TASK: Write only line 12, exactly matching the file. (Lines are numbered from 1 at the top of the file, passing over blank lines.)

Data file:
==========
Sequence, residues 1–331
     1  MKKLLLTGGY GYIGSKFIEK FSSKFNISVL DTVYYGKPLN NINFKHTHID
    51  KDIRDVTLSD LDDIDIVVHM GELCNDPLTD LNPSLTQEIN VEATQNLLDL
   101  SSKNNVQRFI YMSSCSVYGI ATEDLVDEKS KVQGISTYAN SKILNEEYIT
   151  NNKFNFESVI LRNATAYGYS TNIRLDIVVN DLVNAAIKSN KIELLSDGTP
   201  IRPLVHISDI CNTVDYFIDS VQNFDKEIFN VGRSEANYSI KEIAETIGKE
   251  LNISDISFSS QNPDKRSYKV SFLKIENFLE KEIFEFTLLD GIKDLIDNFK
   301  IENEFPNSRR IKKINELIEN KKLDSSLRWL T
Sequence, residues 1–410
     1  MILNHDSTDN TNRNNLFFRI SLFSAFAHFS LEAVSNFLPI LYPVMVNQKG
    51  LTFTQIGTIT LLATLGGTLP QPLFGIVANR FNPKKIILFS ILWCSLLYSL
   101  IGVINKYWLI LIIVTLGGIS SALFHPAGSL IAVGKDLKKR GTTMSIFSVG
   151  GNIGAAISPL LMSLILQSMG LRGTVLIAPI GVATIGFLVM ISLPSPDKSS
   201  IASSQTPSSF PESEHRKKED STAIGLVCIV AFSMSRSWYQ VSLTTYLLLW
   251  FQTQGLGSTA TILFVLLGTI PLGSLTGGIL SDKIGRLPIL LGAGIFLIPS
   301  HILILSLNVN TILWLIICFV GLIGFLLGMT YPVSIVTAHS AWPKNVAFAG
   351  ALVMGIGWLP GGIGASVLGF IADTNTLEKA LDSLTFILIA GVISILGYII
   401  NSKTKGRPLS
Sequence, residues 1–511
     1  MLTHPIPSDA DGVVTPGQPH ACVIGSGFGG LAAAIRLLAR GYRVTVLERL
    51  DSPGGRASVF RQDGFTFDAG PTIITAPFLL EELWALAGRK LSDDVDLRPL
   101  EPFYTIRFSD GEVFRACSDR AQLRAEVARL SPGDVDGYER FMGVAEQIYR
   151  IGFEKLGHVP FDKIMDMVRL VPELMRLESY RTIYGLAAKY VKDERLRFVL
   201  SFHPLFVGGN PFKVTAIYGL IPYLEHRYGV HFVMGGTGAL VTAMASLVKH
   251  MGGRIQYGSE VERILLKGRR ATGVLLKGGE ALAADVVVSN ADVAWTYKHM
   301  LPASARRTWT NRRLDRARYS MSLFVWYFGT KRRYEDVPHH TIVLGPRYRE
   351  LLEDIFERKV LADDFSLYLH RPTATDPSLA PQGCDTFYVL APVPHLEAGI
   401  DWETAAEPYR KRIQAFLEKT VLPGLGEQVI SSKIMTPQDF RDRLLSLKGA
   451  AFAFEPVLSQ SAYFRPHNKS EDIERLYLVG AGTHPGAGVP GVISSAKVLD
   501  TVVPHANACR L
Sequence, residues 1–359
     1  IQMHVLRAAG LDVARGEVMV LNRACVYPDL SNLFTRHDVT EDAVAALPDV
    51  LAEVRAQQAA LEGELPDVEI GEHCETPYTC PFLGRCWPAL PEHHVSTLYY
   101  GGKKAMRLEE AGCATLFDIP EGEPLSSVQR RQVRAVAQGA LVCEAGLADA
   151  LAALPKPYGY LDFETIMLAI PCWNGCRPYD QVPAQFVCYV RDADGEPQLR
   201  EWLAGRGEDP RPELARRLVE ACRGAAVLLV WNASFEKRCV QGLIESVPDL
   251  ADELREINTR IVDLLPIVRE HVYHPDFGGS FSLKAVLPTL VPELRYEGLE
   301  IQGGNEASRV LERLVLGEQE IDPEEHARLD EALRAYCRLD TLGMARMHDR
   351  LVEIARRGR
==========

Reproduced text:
   101  IGVINKYWLI LIIVTLGGIS SALFHPAGSL IAVGKDLKKR GTTMSIFSVG